Kerzner’s wealth initially came from the family business. His parents were Jewish Russian immigrants who moved to Johannesburg, where he was born, and started a hotel chain. After he graduated from the University of Witwatersrand as a chartered accountant, he took over the running of the business.
By 1983, he established a chain of Southern Sun Hotels in partnership with South African Breweries and operated 30 luxury hotels. Over the years, Kerzner developed the hotel group into the most successful chain in South Africa: Sun International.
Currently he is the Chairman, CEO and Founder of Kerzner International.
So what help is out there for upcoming South African entrepreneurs?
There are plenty of funding options available to potential South African entrepreneurs which many may be unaware of.
The South African Institute for Entrepreneurship offers advice and links to budding innovators, and also provides numerous programmes including Agribusiness and general business training.
The Tony Elumelu Foundation Entrepreneurship Programme (TEEP), set up by the philanthropist billionaire has recently been considered the golden ticket for keen entrepreneurs with a great idea.
Having contributed $100 million to the programme and pledging to create 10,000 entrepreneurs across South Africa during the next 10 years, this is a huge opportunity for African enterprise. The programme will continue over several years and provides mentoring, training and seed capital.
Those interested should apply here.
There are a variety of different types of loan that the government can offer a business. And while they are often more cost-effective due to lower interest rates and more flexible repayment terms, they are hard to come by. Not only are there strict selection criteria and a large quantity of paperwork, but the wait for a loan can be very long.
Government loans for business are usually obtained through the Department for Trade and Industry (DTI) and include: Khula, a provider of funding for small business; Isivande Women’s Fund, dedicated to financing women’s businesses; and the National Youth Development Agency (NYDA), which provides funding for youth businesses.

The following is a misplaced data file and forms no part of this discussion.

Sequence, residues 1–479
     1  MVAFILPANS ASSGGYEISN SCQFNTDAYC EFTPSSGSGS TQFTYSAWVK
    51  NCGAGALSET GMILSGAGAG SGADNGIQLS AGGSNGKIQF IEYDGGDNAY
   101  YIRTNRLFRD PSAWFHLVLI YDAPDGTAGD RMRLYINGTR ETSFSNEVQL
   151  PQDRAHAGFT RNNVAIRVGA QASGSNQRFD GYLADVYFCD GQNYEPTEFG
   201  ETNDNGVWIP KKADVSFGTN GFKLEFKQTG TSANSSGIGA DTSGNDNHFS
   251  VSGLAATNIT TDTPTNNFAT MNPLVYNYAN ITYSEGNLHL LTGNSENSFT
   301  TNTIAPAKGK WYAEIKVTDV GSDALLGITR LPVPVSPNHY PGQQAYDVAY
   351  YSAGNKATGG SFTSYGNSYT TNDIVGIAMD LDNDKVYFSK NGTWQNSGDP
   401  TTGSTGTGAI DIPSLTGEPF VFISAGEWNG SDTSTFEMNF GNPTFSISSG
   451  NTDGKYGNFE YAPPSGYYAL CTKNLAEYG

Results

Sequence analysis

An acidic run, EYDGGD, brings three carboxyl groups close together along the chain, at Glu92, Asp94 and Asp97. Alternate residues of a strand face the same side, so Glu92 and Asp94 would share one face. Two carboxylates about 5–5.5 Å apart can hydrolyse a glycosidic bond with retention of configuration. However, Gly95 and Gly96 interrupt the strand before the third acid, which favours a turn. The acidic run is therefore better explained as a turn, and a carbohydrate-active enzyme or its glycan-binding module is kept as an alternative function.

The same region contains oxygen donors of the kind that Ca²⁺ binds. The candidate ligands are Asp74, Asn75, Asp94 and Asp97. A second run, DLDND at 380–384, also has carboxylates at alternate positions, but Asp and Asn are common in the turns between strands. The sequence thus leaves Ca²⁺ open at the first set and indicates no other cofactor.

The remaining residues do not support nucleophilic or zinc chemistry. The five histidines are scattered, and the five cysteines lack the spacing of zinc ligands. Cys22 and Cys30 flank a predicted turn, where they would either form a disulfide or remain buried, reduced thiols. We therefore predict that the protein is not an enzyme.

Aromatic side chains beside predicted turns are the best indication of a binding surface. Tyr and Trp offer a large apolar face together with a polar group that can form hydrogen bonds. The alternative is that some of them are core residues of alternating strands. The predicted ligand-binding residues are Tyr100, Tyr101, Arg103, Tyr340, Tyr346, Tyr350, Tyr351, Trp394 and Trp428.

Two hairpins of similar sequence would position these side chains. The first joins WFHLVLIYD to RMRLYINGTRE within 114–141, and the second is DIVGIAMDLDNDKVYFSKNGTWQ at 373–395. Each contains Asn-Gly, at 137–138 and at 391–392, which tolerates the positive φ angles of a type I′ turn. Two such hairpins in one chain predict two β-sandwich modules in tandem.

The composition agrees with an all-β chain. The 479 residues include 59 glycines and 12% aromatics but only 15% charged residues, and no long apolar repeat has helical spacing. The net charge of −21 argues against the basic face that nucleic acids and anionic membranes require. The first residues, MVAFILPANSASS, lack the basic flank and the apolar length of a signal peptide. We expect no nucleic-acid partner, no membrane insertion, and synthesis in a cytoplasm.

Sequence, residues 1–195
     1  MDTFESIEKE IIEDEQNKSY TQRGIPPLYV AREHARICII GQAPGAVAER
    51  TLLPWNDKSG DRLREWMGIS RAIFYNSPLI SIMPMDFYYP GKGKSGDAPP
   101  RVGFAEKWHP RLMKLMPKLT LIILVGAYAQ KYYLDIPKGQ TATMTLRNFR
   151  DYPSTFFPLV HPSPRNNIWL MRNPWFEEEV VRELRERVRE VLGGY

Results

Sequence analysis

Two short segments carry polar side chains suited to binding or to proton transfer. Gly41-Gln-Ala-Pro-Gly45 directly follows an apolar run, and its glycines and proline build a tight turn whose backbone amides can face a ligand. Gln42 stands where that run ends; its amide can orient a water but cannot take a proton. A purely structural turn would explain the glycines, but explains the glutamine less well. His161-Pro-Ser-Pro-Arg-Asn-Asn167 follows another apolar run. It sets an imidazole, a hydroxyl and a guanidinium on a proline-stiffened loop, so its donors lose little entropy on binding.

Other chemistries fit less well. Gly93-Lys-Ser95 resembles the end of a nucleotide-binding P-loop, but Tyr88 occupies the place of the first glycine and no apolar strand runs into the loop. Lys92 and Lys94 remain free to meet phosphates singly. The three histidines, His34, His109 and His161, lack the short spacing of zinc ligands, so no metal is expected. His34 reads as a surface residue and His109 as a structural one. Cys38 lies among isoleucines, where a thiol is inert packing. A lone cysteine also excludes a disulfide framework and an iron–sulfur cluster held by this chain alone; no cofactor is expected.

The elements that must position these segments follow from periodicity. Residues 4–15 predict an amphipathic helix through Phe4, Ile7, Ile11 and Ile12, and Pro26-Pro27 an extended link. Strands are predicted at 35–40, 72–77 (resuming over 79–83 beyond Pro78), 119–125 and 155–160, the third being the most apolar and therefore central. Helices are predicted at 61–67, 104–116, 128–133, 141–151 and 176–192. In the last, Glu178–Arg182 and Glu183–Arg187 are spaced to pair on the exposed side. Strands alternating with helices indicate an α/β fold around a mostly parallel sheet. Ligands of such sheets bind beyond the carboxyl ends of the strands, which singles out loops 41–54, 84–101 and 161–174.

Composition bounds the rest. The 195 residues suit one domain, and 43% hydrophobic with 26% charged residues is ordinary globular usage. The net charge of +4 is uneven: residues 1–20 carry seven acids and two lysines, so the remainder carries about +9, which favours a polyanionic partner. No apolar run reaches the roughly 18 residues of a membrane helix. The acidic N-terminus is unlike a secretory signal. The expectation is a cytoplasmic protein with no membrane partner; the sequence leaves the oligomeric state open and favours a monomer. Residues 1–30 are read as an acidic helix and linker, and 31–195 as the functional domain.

For obvious reasons, procuring a government grant would be ideal, but, again, there are incredibly strict application guidelines. The requirements will be dependent upon the grant, so it's necessary to complete research on each and make sure you assess your business’ chance of success before applying.
Visit the DTI website for more information on the government and associated grants available in each of the small business fields.
Over the next five years, SEFA aims to provide R1.6 billion and more than double the amount of businesses it gives funding to – from 15,000 to 34,000 in order to stimulate SME growth.
SEFA provides funding in the form of direct loans, not as an intermediary, including: structure finance, which can be paid off over five years; bridging loans, short term to finance working capital; and term loans, which are contain a very specific amount and come with a repayment schedule and interest rate.
Also known as the National Empowerment Fund, the NEF was initially created in 1998 and aims to help empower black communities, businesses, men and women.
The main four channels of finding include: Rural and Community Development fund, providing funding for sustainable change in social and economic relations; iMbewu fund, providing funding for black entrepreneurs who either want to expand a business or start a new one; Strategic Projects, providing funding for early stage projects; and uMnotho fund, providing funding for black-owned and managed businesses and black entrepreneurs looking to increase their equity shares in established businesses.
Established in 1940, the Industrial Development Corporation (IDC) is a governmental developmental financial institution which aims to promote partnerships across the South African industries and provide finance for industrial projects.
There are a number of IDC funding types available, including: Distressed Fund, The Manufacturing Competitiveness Enhancement Programme (MCEP), Development Funds, Gro-E Scheme, Agro-Processing Competitiveness Fund, Women Entrepreneurial Fund, Product Process Development Scheme (PPD), Transformation and Entrepreneurship Scheme, Green Energy Efficiency Fund, and Risk Capital Facility Programme.
Aimed at addressing youth unemployment and other problems facing the younger South African generation, the National Youth Development Agency (NYDA) is starting to prioritise micro-finance grant provisions rather than loans. The grants contribute financial (R1,000 to R100,000) and non-financial (mentoring, entrepreneurship development programmes, etc.) support to young entrepreneurs.
In order to apply for NYDA funding visit the website here.